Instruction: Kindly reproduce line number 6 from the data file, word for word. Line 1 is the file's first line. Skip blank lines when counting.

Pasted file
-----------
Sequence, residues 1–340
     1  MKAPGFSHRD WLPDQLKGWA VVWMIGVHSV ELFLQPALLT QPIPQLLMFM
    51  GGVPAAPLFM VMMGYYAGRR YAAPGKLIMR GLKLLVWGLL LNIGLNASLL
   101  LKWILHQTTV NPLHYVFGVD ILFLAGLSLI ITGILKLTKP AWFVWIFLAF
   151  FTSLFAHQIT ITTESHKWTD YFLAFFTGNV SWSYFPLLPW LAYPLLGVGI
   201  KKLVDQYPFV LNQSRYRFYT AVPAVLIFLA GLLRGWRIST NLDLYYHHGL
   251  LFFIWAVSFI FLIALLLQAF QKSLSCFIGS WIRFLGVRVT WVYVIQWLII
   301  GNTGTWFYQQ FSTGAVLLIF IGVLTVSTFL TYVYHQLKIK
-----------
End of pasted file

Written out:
   201  KKLVDQYPFV LNQSRYRFYT AVPAVLIFLA GLLRGWRIST NLDLYYHHGL